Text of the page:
Our real nature (ātma-svarūpa) is eternal, infinite, indivisible and immutable pure awareness, so it is never deluded by anything. What is deluded is only ego, whose very nature is delusion, because it is a mistaken form of self-awareness. That is, whereas our real nature is always aware of itself as it actually is, ego is always aware of itself as ‘I am this body’.

What your question amounts to is this: how did this ego ever come into existence? Whenever Bhagavan was asked such a question he had a simple answer: first see if it has come into existence, and if you can find it then you can ask how it came into existence. If we look for it, there is no such thing to be found, so asking how it came into existence is like asking how the son of a barren woman was born. Just as there can never be any such thing as the son of a barren woman, there is never any such thing as ego.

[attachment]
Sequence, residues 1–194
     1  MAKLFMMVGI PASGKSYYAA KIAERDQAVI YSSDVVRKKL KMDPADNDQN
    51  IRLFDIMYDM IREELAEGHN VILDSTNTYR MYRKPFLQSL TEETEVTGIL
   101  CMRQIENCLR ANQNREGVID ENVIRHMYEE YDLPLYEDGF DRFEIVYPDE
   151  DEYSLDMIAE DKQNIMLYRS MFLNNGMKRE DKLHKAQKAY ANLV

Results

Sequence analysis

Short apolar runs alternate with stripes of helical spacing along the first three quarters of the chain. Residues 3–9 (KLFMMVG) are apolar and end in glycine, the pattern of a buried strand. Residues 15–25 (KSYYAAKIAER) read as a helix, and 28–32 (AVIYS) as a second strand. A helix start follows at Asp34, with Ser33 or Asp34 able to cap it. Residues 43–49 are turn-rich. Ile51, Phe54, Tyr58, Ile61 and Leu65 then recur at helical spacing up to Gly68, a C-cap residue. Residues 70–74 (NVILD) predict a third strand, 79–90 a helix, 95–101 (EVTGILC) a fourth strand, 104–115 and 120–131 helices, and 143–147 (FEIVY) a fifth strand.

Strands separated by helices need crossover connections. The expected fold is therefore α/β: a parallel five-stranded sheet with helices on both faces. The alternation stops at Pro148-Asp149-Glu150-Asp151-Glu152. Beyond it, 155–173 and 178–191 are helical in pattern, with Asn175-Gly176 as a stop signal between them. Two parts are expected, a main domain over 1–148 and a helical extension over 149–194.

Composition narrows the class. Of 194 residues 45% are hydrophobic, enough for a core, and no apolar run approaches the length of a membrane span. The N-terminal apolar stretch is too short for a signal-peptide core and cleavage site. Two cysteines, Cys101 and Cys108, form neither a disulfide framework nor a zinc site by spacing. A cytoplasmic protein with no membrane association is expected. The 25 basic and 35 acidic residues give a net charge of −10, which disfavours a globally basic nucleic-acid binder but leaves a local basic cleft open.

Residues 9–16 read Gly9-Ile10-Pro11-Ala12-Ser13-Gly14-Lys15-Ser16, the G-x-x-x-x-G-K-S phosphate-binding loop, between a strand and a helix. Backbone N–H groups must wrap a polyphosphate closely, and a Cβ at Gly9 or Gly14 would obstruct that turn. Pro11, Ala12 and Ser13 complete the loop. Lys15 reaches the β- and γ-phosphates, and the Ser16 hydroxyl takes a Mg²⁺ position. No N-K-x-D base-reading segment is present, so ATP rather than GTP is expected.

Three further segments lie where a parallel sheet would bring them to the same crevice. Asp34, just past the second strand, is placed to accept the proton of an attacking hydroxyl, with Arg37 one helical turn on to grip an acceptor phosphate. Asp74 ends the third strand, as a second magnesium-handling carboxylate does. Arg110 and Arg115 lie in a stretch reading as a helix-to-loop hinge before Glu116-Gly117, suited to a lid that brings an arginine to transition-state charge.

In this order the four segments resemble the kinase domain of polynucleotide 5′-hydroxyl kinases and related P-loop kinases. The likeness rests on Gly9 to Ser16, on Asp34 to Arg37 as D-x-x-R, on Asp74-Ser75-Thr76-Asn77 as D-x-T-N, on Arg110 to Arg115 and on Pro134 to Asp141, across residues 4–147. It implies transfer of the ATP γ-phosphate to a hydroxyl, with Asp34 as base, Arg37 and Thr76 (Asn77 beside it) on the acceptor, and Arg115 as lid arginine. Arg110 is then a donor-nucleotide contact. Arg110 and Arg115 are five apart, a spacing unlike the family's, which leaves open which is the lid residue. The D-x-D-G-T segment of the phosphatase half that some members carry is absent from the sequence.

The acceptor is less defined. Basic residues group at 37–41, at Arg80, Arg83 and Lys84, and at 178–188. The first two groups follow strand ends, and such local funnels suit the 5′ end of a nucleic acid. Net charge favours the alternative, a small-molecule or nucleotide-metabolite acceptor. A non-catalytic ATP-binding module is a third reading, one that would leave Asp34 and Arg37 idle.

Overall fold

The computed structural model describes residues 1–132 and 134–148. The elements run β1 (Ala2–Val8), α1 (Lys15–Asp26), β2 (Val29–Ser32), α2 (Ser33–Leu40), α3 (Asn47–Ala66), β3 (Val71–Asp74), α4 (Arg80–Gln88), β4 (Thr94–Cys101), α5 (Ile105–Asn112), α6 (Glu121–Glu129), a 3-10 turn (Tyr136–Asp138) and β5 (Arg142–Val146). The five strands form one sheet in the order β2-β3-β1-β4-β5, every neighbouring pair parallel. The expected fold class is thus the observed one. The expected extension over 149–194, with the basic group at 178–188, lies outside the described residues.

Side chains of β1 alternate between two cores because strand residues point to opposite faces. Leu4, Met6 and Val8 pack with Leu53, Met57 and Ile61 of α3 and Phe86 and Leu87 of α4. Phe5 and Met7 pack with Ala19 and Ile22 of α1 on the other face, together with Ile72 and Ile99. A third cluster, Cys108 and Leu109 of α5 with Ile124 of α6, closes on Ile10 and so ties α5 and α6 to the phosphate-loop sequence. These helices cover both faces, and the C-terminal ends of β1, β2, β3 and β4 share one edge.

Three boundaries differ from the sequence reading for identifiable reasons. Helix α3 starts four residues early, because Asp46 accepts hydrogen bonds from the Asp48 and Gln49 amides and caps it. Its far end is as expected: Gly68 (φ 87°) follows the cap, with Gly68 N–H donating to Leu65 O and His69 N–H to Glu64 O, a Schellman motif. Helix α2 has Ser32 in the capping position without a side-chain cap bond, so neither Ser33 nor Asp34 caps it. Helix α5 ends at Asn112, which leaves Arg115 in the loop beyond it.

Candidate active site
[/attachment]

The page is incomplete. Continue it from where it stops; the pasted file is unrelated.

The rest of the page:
However, though ego does not actually exist, it seems to exist so long as we look elsewhere, but if we try to look at it, it disappears. That is, so long as we are aware of anything other than ourself, we seem to be ego, the false awareness that perceives phenomena and perceives itself as if it were one of those phenomena, namely a body.

Whenever we are aware of ourself as if we were a body, as in waking and dream, we are also aware of other phenomena, and whenever we are not aware of ourself as a body, as in sleep, we are not aware of any other phenomena. Therefore ego seems to exist only when we are aware of phenomena, so if instead of attending to any phenomena we attend only to ourself, ego will dissolve and disappear, and what will then remain is only pure awareness (awareness that is not aware of anything other than itself), which is our real nature and which exists eternally, untouched by any appearance or disappearance of ego and phenomena.